The most telling aspect of the entire affair, however, is the extraordinary coordination of the entire corporate media in the launching of a full-throated campaign for military action before the basic facts of the incident were even known, much less a serious investigation conducted. It seemed that even before the alleged incident in Syria was reported, all of the major newspaper editors and columnists as well as the television news commentators had received the same talking points.
None of them, of course, bothered to inform their readers and viewers that the sole sources of the information they retailed as good coin consisted of Al Qaeda-connected “activists” in Syria along with US intelligence and military officials pushing for war.
Leading the pack, as usual, was the New York Times, which carried the headline “Chemical Attack on Syrians Ignites World’s Outrage.” What evidence there is of such “outrage,” outside of the world of intelligence agencies, state officials and their media hacks was not clear. Nor, for that matter, was there any explanation for the selective character of this “outrage.”
It is noteworthy that this moral outpouring came just a day after Trump gave the red carpet treatment to Gen. Abdel Fattah el-Sisi, the butcher of Cairo, who slaughtered 1,000 unarmed demonstrators in a single day. Nor, for that matter, did the Times evince any such “outrage” over the 200 Iraqi civilians killed in a single US bombing raid in Mosul last month, or the hundreds if not thousands more buried alive by US bombs and missiles dropped on schools, mosques and homes in Syria itself, not to mention in Yemen.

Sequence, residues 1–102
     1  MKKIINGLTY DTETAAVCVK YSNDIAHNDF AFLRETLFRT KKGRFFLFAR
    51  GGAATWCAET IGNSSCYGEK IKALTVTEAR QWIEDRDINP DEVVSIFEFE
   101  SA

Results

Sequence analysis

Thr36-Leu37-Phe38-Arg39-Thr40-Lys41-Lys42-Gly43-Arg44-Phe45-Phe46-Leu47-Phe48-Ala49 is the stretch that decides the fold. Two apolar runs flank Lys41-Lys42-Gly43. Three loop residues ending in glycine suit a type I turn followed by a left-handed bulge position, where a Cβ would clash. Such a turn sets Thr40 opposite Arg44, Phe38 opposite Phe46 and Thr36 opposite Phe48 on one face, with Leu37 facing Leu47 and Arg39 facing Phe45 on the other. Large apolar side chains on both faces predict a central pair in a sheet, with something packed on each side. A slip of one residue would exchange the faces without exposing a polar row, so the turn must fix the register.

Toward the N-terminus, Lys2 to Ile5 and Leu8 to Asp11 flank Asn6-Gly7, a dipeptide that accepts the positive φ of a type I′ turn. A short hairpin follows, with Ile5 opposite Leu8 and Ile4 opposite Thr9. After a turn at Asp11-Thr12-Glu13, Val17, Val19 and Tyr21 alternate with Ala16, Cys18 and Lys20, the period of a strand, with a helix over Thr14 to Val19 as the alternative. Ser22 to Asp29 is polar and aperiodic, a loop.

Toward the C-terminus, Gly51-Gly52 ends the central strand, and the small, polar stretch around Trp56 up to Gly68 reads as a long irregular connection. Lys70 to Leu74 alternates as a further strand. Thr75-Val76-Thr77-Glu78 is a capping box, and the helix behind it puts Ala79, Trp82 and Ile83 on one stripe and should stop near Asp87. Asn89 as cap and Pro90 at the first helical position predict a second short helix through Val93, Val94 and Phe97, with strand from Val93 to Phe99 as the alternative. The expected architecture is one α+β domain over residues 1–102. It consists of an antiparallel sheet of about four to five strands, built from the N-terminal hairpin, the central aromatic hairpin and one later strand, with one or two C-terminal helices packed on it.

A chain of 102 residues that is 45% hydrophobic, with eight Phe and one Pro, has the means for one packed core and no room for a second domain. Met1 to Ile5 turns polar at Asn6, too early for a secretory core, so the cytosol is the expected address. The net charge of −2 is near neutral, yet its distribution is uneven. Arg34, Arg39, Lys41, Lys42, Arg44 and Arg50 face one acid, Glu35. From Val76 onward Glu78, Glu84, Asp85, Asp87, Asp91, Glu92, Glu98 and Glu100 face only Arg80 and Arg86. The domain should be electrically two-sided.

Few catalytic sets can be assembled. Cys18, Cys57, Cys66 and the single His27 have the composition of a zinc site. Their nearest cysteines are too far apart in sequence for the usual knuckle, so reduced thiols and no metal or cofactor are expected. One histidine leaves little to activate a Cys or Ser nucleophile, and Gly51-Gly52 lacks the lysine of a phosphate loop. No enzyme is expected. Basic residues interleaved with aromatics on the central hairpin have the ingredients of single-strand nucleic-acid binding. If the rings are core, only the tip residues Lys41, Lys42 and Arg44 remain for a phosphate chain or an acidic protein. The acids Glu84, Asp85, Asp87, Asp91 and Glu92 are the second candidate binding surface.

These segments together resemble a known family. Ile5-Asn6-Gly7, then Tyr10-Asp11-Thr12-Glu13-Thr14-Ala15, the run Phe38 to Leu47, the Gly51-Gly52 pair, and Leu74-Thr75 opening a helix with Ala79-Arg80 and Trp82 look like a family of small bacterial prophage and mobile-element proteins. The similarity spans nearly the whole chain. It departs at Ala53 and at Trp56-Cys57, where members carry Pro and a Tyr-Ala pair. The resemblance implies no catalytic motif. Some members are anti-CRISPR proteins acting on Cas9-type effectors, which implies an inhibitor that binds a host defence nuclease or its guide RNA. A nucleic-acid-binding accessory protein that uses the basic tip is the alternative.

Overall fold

There are certain bylines that appear on such articles that brand them as the product of direct collaboration with US intelligence. In this case, it was that of Anne Barnard, who has provided such services over the entire course of the US-orchestrated war for regime change in Syria. Her work was supplemented by that of Thomas Friedman, who has backed every US imperialist intervention over the course of over a quarter century. He offers a modest proposal for the “partition of Syria” and the creation of “protected” zones enforced by the US military. “It won’t be pretty or easy,” he allows, noting reassuringly that the US maintained 400,000 troops in Europe during the Cold War.
What is also strikingly uniform in the media propaganda campaign over the events in Syria is the across-the-board indictment of Iran and Russia as equally culpable in the alleged chemical attack. The Times editorial charged that the attack speaks to Assad’s “depravity and that of his enablers, especially Russia and Iran.”
A Washington Post editorial insisted: “Now it is Mr. Trump’s turn to decide whether to stand up to Mr. Assad and his Iranian and Russian sponsors.”
The aim is clear. The murky events in Syria are to be exploited in order to shift the bitter internal debate on foreign policy within the US ruling establishment. The intention is to bring the Trump administration into line with the predominant tendency within the US military and intelligence apparatus which is pushing for an uninterrupted buildup to military confrontation with both Iran and Russia.
That these efforts are having their desired effect found concrete expression Wednesday not only in Trump’s remarks on Syria, but also in the removal of Stephen Bannon, Trump’s fascistic chief strategist, from the principals committee of the National Security Council. The ouster of the ideological architect of Trump’s “America first” right-wing nationalist demagogy was reportedly dictated by Gen. H.R. McMaster, the president’s new national security adviser, an active duty officer who speaks for the Pentagon. Faced with intractable social and political crises at home, Trump, like his predecessors, appears to be turning toward war abroad.
The working class in both the US and internationally must take these developments, along with the CIA provocation in Syria and its accompanying media propaganda campaign, as a deadly serious warning. It faces the threat of being dragged not only into a renewed bloodbath in the Middle East, but a far more dangerous conflagration involving the world’s two major nuclear powers.
Bill Van Auken